Friday, June 12, 2015

Digging in the Archives

Because my 40th birthday is Monday, I spontaneously decided to make a four-day weekend out of it and took today off. (I'd already decided to take Monday off because if you're turning 40 on a Monday, you definitely should NOT have to work!).

So what did I decide to do today? Hit the state archives, of course! I'm so fortunate that I live in the city where our state historical archives are housed. I also have access to our university's vast collection of resources, too, so it's quite a blessing.

I'm working on research for my next novel. It's set in 1946, and one part of it deals with veterans issues - THE political hot button issue of the time. There was a pivotal election held in 1946, and being a World War II veteran was a definite advantage for candidates. I loved going through all the newspapers and newsletters of the various veterans organizations. It was (and still is today) a huge community with lots of different aspects. There were the Marine Moms, the War Dads, the Auxiliary of the America Legion, and on and on.

Interestingly enough, there was infighting between the vets organizations, as well. Did you know that the American Legion, who spearheaded the fight to get the G.I. Bill passed, had opposition from the V.F.W (Veterans of Foreign Wars) and the D.A.V. (Disabled American Veterans) over the bill? I didn't. Another historical tidbit buried within the past and largely forgotten.

I think one of the most interesting items I turned up today was that General Eisenhower came to the Nebraska State Fair in Lincoln on September 1, 1946. The Nebraska Veterans Group sponsored him. Pretty cool.

My only complaint from today? I wish I had a microfilm machine and I could just take those rolls of microfilm home with me so I could spend hours and hours pouring through everything. :)

Yes, I'm a history geek - and proud of it!

Thursday, June 04, 2015

When the Milk Spills, Pour Another Glass

Can I whine for a minute?

Last month, before the big work events hit, I was feeling great. I walked in the park every night, had energy, and felt pretty good. When I say "pretty good" I don't mean I was free from aches and pains. When you have rheumatoid arthritis, that's never really the case. But "pretty good" for me meant being able to exercise, clean, write, spend time with my family, and not take any sick days from work.

Well, that was last month. The last few weeks haven't been good. The headaches are back, my energy levels are low, and I've been hit with another flare of RA.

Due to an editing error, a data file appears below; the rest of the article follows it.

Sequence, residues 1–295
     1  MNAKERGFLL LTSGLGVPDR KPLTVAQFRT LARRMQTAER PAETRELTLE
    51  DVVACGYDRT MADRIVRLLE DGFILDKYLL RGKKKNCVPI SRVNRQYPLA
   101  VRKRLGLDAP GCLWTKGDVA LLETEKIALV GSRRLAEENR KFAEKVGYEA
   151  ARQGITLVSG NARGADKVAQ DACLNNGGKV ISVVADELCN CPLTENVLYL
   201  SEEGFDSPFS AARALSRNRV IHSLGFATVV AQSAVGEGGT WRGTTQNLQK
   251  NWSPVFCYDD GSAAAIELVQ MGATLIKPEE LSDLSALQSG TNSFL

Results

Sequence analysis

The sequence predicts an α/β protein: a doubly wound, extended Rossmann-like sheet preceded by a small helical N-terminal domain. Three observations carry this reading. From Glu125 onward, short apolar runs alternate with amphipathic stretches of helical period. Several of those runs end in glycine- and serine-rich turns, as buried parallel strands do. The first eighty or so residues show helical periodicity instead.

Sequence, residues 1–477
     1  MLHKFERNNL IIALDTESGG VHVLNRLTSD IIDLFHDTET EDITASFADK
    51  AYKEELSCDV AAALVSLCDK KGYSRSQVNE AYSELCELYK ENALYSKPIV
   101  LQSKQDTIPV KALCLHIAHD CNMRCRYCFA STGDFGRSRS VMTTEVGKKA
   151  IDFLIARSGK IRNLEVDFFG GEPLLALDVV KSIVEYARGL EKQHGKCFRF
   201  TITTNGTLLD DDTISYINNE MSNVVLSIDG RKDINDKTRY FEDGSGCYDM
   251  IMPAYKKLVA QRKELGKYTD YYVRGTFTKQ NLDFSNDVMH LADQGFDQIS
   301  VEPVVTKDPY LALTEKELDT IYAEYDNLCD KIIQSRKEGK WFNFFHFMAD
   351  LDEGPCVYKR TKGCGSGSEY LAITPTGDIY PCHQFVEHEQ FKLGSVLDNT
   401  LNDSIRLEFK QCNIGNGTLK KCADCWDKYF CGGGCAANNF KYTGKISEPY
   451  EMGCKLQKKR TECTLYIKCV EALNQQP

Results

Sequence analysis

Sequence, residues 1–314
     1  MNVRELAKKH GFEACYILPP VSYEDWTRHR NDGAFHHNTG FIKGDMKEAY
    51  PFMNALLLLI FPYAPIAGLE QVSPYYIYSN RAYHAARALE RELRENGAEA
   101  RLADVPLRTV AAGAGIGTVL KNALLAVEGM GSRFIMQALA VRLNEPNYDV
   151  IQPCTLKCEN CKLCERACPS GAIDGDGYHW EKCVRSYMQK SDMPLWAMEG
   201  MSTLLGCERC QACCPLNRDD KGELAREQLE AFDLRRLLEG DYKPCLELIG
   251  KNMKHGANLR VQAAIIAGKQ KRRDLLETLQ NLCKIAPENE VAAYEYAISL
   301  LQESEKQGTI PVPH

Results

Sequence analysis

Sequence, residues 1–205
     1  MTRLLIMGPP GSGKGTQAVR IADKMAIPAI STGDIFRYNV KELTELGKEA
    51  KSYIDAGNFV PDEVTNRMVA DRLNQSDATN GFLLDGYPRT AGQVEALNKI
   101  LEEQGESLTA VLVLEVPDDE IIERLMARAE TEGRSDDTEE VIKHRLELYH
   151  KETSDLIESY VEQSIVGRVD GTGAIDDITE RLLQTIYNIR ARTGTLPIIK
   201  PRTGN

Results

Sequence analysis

I get really, really tired of this cycle. It wears on a person to taste of how it feels to have good health for awhile. And I'll think, "Wow, this is awesome. I can do things! I wake up in the morning and don't feel like I've been hit by a bulldozer! I can exercise and take my daughter shopping and hang out with my husband and...and...by golly, I feel good!" 

And then comes the bad health and those good days feel like they are a distant memory. Stuck in bed, watching old movies, sleeping, sleeping some more, calculating how much sick time I have left and if I can take the day off, giving friends and families excuses as to why I can't go to something because I feel awful (and feeling awful for not being able to go), and the depression and "why am I not tough enough?" gets to me.

I still haven't figured out how to accept that this is my new "normal." I keep thinking I need to be able to do the things I used to do before I got sick. Heck, I should be able to lose weight and exercise even when I'm in the middle of a flare and I can barely move, right? Ha! (Yes, my thought pattern goes there).

Alright. There is my whine.

Now for some cheese.

Kidding.

Here's what I do know. That I am strong. I am capable of handling this. I can choose to look at this in a different way, even if I have to remind myself every.single.time that this is not my fault, that this is how my life is, that I need to be kind to myself, that I need to stop crying about the spilled milk already and just myself pour another glass.

And no matter how many times the milk spills, I still need to keep pouring that milk, still need to keep going, one day at a time.

What gets me through? My faith. My family. Chocolate. Friends. My writing. My study of WW2 history. Classic movies. My cats. So, so many good, wonderful things in my life.

And I keep learning, keep growing, keep getting stronger through it all. That's the most important part, I think.

So remember: when the milk spills, pour yourself another glass.